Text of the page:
The church added Chris Collier as executive minister to focus on the administrative and organizational challenges of the congregation.
“For me it’s about identifying people I can come alongside,” Coller explains,“people I can interact with and not just ask, but challenge them to take that next step. I can’t do it all by myself, but if I get 10 people to do it with me, if we can all have that mentality of bringing more people into that process, it can work.”
The church’s welcoming family atmosphere is unique.
“People are quickly brought into that fold,” Collier says. “As we get bigger, that becomes more challenging, but I don’t think it becomes impossible. We may be able to recognize everyone’s name at 200 or 400, but will that continue at 600? That group of people who are able to recognize names needs to grow, as do other things, like small groups and ministries that can be ways of plugging people in.”
After reaching an average attendance in the mid-400s about two years ago, the limitations of meeting in the school cafeteria effectively stalled the growth.
“We’d hit a peak and then drop off, then hit a peak and drop off again,” says Butrum, describing a widely-known church-growth phenomenon. “We were exceeding the 80 percent capacity, after which we’d drop off.”
“We just couldn’t stay in the school any longer,” Rice says. “Our effectiveness in that building was done. We had to move forward.”
The cafeteria also lacked flexibility with regard to scheduling ministry activities.
“That’s the big picture,” Butrum says. “We’re not about making buildings, we’re about making disciples.”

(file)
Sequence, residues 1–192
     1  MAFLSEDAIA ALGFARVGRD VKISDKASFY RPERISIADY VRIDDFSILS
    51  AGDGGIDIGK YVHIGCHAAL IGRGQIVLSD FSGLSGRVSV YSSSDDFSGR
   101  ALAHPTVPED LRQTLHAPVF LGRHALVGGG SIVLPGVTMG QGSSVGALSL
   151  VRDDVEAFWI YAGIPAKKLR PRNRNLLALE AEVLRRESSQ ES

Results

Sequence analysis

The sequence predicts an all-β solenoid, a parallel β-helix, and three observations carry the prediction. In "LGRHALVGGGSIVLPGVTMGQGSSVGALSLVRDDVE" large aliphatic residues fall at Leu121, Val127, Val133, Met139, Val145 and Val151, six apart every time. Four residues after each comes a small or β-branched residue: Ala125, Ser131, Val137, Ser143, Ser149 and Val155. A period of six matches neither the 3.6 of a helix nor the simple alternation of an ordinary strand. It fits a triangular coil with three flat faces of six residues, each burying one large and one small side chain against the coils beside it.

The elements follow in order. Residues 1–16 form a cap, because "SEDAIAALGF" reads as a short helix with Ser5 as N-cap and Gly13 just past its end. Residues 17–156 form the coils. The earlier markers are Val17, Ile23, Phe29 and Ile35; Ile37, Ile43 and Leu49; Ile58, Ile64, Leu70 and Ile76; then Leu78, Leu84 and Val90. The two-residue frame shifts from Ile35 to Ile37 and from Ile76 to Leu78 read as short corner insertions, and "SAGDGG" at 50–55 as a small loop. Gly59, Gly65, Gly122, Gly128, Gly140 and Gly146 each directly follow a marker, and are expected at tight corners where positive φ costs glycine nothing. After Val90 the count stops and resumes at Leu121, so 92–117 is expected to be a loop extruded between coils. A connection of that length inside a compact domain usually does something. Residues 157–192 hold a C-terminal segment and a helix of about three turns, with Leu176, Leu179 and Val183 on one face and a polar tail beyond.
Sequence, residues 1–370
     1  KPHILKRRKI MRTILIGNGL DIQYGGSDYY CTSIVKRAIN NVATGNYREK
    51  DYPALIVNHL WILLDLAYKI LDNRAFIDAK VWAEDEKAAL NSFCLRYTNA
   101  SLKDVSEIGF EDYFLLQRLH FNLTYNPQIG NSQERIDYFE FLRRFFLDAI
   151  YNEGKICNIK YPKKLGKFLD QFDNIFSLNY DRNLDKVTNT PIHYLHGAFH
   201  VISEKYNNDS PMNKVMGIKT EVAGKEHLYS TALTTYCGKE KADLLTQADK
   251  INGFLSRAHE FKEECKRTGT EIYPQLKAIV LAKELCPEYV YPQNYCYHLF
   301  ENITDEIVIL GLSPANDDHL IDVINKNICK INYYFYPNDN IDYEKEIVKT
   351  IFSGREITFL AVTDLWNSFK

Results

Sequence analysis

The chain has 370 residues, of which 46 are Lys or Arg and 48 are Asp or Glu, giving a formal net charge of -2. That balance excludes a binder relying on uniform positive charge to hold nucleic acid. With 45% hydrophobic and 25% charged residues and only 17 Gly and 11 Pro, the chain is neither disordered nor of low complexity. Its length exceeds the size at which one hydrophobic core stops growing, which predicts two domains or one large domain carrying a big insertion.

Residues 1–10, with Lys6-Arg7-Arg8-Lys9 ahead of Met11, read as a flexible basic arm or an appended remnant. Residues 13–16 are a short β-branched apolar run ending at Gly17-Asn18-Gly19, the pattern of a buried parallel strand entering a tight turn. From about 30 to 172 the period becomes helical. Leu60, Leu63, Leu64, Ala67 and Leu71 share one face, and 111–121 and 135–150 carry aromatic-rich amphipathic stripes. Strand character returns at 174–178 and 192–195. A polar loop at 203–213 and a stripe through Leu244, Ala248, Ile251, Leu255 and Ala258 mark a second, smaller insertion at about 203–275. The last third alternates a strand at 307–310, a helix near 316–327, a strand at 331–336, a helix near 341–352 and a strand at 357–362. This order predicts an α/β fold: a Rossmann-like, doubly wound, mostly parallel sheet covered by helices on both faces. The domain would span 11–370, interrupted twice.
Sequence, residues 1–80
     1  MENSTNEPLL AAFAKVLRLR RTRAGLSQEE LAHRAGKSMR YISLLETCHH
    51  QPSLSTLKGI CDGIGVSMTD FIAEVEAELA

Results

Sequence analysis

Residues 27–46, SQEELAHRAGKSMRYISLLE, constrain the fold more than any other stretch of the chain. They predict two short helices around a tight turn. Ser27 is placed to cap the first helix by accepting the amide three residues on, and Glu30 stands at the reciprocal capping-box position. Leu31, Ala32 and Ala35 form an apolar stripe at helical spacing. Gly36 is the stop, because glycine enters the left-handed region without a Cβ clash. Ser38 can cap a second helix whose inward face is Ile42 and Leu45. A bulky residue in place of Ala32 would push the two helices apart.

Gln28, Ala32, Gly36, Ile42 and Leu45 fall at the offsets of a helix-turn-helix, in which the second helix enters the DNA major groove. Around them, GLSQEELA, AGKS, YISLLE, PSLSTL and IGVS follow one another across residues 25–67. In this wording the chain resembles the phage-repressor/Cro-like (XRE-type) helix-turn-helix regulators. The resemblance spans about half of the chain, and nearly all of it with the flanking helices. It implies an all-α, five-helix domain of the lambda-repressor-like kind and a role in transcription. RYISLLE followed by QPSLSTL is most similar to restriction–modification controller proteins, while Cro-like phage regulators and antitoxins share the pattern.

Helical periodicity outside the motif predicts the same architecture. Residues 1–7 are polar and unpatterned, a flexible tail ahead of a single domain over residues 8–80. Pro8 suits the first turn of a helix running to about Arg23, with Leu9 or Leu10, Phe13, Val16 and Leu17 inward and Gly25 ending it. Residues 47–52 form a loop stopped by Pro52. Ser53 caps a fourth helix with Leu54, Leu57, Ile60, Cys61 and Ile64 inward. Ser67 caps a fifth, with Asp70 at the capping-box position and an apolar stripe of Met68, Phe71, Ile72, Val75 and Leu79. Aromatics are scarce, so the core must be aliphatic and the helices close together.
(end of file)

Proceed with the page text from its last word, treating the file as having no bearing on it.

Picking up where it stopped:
“You can talk about [constructing a new] building, and the audience gets very excited,” Collier says “We try to always finish those conversations with a reminder that [the building] is a ministry tool.”
If the church were in a larger city, an abandoned Walmart or other locations could have served as a transitional option while the church continued to grow. But in a rural town, no such places exist.
Rocky Fork considered moving closer to Columbia, the nearby city of more than 120,000, but discovered the costs of building there would be higher. Besides, the church’s leaders say, a big-city setting didn’t suit Rocky Fork.
“We’ve found that niche where young folk who are in the county or outside the city . . . can feel comfortable and get close to God,” Butrum says. “We’re a rustic, down-to-earth group, much different than what you find in the city.”
“One thing people might take for granted,” says Rice, “is all the different components that have to come together to have a successful building project. It takes somebody—or the finances to hire somebody—with the ability to focus on these things. It can’t be just a volunteer who thinks about it casually.”
Collier took on that role for Rocky Fork.
“I didn’t have experience in a project like this,” Collier admits. “ I’ve managed small projects, but nothing on this scale. Nothing in the bigger construction world, nothing in commercial construction.
“You’d think it would be simple to select your site and your size and pick out the [person and/or company] to put it up,” Collier says. “But there’s so much to look into for meeting building codes in the county and getting all the design work done.”